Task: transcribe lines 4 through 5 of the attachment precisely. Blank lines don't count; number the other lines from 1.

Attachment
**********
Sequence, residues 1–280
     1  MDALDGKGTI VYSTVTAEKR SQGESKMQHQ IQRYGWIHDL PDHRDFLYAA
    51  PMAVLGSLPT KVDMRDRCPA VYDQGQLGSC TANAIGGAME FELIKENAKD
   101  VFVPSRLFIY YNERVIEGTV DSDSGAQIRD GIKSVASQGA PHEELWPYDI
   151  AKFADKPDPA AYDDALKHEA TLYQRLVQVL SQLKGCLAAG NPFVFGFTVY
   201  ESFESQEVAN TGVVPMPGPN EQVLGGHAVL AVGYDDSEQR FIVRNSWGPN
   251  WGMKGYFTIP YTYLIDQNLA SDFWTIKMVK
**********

   101  VFVPSRLFIY YNERVIEGTV DSDSGAQIRD GIKSVASQGA PHEELWPYDI
   151  AKFADKPDPA AYDDALKHEA TLYQRLVQVL SQLKGCLAAG NPFVFGFTVY